A genetic screening is usually performed at the 12 week visit. The test determines your risk of carrying a baby with a genetic disorder such as down syndrome or congenital heart defects.

At this stage, the screening is non-invasive, and only takes a small blood sample and a few measurements of your baby’s neck during the ultrasound. It is not 100% accurate, but it is does a pretty good job of identifying when a mom is carrying a baby with down syndrome.

Opting in for a genetic screening is a completely personal decision.

It can give you the chance to prepare emotionally and financially for a child with special needs. Or, it can put a black cloud over your pregnancy.

Personally, my husband and I opted out of the genetic screening. If we did get a positive, we didn’t want to spend the rest of the pregnancy worrying about something we couldn’t change.


First Trimester Checklist- First Trimester To dos

Buy Your First Trimester Must-Haves

Now that we have the medical necessities taken care of, it’s time to move on to the more fun aspects of your first trimester to-do list. Shopping! Most of the items you need, you don’t even have to leave the house for.

Prenatal Vitamins

A prenatal vitamin is the most important item on this first trimester checklist! Regularly taking a  prenatal vitamin can dramatically reduce the chances of birth defects, nausea (for you), preterm labor, and even autism.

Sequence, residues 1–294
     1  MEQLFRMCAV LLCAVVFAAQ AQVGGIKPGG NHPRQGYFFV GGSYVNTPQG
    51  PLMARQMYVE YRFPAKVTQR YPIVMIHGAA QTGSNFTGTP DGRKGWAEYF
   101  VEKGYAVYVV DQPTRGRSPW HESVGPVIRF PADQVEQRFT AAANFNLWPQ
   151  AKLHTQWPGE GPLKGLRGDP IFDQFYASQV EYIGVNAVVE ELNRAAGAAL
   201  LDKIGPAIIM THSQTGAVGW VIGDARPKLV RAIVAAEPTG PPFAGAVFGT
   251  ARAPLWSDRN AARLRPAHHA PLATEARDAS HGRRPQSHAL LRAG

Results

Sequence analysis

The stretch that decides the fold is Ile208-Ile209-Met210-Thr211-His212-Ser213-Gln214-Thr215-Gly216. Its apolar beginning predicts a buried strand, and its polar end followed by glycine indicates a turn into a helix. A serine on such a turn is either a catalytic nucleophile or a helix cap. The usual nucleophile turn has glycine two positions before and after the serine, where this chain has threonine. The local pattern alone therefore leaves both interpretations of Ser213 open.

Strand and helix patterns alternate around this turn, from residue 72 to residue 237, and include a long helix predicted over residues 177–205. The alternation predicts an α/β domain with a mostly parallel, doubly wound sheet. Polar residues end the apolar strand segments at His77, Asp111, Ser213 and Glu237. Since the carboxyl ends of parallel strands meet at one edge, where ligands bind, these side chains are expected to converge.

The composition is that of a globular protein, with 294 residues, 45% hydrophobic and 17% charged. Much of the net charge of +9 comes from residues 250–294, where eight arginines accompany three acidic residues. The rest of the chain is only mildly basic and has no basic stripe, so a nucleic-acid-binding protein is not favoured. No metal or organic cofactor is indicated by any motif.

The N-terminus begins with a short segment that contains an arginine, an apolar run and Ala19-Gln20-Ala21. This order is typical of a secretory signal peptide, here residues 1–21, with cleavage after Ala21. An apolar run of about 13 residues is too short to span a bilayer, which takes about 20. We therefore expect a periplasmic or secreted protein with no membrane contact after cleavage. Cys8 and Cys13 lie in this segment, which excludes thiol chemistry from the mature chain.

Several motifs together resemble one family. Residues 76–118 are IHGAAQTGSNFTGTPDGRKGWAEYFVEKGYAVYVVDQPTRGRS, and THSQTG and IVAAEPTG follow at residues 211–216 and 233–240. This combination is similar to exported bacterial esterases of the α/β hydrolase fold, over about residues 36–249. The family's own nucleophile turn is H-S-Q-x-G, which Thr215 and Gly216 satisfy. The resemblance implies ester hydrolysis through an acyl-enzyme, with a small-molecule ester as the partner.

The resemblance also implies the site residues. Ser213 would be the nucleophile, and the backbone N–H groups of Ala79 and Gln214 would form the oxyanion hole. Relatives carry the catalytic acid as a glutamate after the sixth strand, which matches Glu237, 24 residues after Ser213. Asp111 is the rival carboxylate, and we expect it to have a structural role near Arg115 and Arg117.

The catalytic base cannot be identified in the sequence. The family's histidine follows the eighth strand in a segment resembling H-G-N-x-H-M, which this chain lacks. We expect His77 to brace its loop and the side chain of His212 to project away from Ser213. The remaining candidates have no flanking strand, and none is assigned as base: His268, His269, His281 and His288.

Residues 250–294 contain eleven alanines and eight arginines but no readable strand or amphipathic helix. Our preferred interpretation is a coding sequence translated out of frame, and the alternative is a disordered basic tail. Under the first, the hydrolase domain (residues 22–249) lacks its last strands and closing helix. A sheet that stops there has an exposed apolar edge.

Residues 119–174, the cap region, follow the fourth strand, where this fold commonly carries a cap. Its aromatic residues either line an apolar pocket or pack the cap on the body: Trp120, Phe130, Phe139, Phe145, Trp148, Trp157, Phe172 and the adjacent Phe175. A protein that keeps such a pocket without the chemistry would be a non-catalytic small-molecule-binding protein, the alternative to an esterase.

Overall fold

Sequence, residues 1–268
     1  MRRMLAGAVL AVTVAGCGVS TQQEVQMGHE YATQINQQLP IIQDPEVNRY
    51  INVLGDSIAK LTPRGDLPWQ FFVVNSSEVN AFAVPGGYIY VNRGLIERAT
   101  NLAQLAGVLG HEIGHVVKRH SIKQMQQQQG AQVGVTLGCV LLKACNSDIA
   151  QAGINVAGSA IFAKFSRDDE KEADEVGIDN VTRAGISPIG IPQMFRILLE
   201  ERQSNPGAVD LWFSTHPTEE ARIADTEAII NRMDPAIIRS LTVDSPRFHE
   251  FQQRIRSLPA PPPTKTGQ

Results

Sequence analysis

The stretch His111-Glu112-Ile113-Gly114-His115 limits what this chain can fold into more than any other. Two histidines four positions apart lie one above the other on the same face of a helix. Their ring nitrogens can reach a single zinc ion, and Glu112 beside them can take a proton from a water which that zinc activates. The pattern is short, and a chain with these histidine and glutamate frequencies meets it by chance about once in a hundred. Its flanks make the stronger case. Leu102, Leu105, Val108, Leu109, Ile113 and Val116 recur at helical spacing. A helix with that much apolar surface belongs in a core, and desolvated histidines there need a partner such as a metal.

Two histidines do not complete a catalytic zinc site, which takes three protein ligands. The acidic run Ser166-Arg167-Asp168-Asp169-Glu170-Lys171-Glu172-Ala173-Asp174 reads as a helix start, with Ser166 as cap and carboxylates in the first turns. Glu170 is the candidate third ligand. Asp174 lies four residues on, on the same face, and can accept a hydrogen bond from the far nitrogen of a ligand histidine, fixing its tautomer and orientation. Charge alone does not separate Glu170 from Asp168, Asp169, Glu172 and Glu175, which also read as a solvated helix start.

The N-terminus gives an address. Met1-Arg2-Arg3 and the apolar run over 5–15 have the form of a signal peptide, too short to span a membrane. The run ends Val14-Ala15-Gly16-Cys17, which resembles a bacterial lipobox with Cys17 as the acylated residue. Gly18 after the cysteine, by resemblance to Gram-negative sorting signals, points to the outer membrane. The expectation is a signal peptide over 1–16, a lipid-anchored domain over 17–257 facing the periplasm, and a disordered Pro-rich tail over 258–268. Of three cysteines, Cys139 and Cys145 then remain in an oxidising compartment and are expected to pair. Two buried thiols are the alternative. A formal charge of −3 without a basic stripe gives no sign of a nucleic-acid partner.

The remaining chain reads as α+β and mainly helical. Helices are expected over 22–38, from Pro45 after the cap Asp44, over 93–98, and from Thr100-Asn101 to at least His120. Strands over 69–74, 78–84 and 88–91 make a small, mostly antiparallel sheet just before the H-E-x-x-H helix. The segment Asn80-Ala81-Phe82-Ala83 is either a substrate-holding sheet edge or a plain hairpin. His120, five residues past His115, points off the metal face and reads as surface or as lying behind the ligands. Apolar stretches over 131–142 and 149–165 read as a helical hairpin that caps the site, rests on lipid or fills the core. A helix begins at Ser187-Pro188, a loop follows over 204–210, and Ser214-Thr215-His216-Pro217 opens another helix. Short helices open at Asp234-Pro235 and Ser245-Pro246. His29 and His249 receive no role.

Not only that, vitamins keep you in tip top shape.

Having said that, not all prenatal vitamins are created equal. Make sure that your prenatal vitamin is highly-rated and contains an ample portion of folic acid. Personally, I loved the Rainbow Light Prenatal Multivitamin. It was the only prenatal multivitamin that didn’t make me nauseous!

An Organizer

You’ve probably heard the jokes about pregnancy brain, but believe me, it’s an actual thing. Whether it’s exhaustion, hormones, or the busyness of pregnancy, a lot of stuff is going to fall off your mental radar. Buying an organizer or planner can keep you on track.

Ideally, you’ll need an organizer that can track all of your prenatal appointments, pregnancy todo lists, and provider contact information.

My favorite pregnancy planner is the Bump Smart Nesting Planner. With over 190+ pages of checklists, pregnancy journal pages, and organization templates, it’s easy to keep everything in one place and carefully documented.